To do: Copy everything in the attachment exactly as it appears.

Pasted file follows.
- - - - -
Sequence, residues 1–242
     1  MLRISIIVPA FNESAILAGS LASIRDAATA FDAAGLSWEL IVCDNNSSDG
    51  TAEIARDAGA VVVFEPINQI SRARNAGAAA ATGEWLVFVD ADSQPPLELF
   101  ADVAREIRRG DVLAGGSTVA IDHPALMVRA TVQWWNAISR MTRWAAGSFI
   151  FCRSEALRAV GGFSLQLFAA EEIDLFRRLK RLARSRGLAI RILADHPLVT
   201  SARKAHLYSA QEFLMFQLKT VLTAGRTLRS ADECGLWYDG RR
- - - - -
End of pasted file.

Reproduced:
Sequence, residues 1–242
     1  MLRISIIVPA FNESAILAGS LASIRDAATA FDAAGLSWEL IVCDNNSSDG
    51  TAEIARDAGA VVVFEPINQI SRARNAGAAA ATGEWLVFVD ADSQPPLELF
   101  ADVAREIRRG DVLAGGSTVA IDHPALMVRA TVQWWNAISR MTRWAAGSFI
   151  FCRSEALRAV GGFSLQLFAA EEIDLFRRLK RLARSRGLAI RILADHPLVT
   201  SARKAHLYSA QEFLMFQLKT VLTAGRTLRS ADECGLWYDG RR